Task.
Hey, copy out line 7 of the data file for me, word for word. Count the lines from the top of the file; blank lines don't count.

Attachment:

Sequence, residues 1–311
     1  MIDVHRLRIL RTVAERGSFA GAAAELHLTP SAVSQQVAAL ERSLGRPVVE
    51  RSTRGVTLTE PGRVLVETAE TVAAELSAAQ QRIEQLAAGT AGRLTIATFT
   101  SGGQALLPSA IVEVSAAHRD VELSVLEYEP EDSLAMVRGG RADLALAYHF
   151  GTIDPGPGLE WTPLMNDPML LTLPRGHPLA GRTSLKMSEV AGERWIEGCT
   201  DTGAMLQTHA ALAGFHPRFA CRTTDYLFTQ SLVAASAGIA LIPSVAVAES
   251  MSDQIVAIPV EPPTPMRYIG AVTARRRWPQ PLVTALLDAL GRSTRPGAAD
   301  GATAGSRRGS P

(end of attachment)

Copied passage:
   251  MSDQIVAIPV EPPTPMRYIG AVTARRRWPQ PLVTALLDAL GRSTRPGAAD